On aged women and a hundred objections

Confession: The most important thing I’ve learned in the last three years of my life—

(are you ready?)

… is… to… ASK!

***beep, beep, beep—this is me backing up to begin at the beginning***

For most of us, the Biblical command for older women to teach the younger women is familiar; old hat.

The aged women likewise, that they be in behaviour as becometh holiness, not false accusers, not given to much wine, teachers of good things;

That they may teach the young women to be sober, to love their husbands, to love their children,

To be discreet, chaste, keepers at home, good, obedient to their own husbands, that the word of God be not blasphemed.

But I think we may have a hazy idea that this means waiting until a dear old saint lays a hand on our shoulder some Sunday morning and says, “Honey, I’ve noticed your struggle. Would you like to talk?”

Then—ahhh. She will take us under her wing; she will walk with us; she will breathe forth words of life; in fulfilling the Biblical mandate, she will enable our lives to flourish.

What is she waiting for? Let’s do this already.

I remember going out for coffee two or three years ago with a good lady, not quite twice my age, and talking to her about my desire for more input. She said, “Shari, you’re going to have to ask.”


If you’re like me, a hundred objections pop rapidly to the fore.

  • Shouldn’t the older woman be the one to take the initiative?
  • What if she says no?
  • I don’t want to obligate her to listen to me if she don’t want to—
  • I know she’s really busy.
  • Surely if I just hang in there a while, I can find the answers for myself…?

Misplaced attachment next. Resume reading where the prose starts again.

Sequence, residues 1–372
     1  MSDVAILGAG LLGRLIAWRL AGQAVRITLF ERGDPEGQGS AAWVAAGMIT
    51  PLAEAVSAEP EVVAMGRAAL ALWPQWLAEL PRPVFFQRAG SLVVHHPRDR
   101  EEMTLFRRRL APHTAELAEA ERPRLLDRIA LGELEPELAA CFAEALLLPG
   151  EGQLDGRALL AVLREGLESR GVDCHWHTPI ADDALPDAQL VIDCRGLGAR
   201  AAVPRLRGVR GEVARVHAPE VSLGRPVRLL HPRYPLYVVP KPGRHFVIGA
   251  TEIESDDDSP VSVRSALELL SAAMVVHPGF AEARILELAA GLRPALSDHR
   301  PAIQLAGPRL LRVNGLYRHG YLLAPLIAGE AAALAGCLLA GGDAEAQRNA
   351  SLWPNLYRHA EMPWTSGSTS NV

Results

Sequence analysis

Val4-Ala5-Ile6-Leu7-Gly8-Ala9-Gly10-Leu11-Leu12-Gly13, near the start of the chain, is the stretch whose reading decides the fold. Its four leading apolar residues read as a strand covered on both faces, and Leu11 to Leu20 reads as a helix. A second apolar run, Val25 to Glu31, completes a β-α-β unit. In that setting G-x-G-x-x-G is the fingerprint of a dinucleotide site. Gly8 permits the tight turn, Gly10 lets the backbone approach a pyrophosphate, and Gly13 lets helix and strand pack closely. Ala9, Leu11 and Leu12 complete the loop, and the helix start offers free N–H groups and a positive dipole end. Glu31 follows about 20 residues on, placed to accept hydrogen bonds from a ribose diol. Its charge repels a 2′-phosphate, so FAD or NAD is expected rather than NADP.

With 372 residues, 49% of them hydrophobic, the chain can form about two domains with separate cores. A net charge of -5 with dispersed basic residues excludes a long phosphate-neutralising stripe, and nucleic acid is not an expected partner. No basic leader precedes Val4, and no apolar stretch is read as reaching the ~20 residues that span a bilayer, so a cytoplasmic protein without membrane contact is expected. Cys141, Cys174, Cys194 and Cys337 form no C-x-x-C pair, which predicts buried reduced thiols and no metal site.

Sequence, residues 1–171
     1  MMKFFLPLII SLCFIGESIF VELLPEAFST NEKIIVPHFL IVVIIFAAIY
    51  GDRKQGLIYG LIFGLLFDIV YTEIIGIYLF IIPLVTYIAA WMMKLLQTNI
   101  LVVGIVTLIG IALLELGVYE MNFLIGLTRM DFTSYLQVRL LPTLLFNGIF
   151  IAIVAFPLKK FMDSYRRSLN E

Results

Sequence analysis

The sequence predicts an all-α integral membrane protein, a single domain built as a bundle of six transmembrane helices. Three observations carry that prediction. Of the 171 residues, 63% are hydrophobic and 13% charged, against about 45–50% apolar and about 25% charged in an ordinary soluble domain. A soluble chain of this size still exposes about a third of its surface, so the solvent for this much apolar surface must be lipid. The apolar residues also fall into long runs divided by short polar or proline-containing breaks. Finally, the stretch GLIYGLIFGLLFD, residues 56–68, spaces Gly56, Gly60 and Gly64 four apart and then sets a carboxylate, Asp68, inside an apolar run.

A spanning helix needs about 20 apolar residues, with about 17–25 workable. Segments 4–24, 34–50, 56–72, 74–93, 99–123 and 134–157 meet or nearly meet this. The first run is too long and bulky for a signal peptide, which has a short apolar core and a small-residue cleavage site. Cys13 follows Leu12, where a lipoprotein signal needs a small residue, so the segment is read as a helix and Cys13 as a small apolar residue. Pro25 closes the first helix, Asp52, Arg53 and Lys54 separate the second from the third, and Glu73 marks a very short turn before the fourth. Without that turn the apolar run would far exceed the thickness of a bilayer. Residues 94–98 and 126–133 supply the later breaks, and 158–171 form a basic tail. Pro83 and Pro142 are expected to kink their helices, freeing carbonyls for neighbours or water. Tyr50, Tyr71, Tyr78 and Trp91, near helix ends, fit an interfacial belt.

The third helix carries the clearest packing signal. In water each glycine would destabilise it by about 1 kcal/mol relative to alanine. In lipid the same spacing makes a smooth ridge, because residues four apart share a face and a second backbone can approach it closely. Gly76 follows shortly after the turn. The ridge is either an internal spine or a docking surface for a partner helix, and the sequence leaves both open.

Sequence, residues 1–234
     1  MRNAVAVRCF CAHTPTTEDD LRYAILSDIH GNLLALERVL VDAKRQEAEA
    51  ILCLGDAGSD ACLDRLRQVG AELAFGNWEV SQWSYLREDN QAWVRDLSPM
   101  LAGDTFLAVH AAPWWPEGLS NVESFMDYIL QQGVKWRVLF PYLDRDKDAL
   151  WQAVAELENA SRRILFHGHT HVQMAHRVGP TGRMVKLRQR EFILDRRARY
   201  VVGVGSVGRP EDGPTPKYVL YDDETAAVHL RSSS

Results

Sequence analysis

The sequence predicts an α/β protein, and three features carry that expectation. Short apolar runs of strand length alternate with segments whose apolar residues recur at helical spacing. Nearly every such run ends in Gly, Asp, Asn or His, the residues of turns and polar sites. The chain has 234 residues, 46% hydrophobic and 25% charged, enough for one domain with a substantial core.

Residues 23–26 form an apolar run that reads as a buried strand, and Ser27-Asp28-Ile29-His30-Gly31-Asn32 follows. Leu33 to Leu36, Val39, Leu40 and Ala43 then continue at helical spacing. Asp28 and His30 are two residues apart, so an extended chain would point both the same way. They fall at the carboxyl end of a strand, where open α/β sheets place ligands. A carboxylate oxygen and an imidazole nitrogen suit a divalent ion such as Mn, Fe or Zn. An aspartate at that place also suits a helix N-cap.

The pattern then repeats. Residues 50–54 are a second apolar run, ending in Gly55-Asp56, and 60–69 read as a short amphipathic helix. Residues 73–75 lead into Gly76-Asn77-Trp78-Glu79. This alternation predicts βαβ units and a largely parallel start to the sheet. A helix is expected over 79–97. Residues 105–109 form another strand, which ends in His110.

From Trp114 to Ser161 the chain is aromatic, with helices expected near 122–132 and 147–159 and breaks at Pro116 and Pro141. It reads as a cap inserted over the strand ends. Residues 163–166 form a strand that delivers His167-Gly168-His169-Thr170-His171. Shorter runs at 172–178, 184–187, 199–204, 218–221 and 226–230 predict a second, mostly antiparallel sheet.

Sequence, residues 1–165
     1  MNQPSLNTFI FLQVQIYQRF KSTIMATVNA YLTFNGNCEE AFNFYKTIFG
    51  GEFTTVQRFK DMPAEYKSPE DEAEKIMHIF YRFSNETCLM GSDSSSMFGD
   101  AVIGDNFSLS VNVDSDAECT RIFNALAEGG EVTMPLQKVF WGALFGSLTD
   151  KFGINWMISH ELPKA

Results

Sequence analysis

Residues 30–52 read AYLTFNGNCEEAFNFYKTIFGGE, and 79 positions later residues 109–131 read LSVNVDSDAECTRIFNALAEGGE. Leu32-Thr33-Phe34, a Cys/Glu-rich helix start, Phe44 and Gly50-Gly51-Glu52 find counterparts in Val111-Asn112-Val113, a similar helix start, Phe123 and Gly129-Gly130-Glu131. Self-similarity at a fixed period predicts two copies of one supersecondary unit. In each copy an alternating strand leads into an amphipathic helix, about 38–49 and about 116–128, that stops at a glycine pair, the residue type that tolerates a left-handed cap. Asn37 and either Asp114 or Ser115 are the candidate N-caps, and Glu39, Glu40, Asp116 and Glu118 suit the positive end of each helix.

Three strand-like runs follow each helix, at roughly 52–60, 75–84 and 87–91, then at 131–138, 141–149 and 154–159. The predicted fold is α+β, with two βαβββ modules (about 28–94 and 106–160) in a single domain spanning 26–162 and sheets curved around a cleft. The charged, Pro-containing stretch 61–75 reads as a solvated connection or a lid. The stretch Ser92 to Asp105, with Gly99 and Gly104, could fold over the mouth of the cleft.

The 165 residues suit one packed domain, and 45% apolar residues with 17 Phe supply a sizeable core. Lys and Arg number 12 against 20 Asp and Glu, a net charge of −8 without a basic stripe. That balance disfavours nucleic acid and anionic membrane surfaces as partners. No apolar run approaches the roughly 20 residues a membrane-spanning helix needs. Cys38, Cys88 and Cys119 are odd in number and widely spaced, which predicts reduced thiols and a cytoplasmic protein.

All very nice objections, very rational, very pretty. Well done.

Now. Imagine for just one minute that YOU (as you are) are the older woman. Do you feel like “an aged woman, in behavior as becometh holiness”? particularly wise? with lots to offer?

Or do you hear the Other hundred objections popping?

  • Why would she want to open her heart to me?
  • She looks like she’s doing well.
  • I’m not very old myself—(or, I’m too old—); do I have anything to offer?
  • I am busy… and she is too.
  • There are so many books for women nowadays—they say it better than I ever could.
  • How can I walk up to a young, apparently put-together young lady and say “Would you like to talk to me?”

You see? It goes both ways, and she has it harder. Admitting need is easier than offering unsolicited answers.

We’re all older and younger than someone. Ideally, we play both roles simultaneously. But I’ve come to believe it’s very hard to become an older woman who gives unless you learn to become a younger woman who receives.

What would you like to learn? How to bake bread? How to control your temper? How to grow herbs? What correctives work well for growing boys? When to give your husband advice and when to bite your tongue? How to heal a relationship? How to process pain?

Ask someone to walk with you.

This is a lie: If I were really spiritual, I could work life out on my own.

He made us a body, remember? Learning to lean on the broader network of God’s people is slowly revolutionizing my approach to life.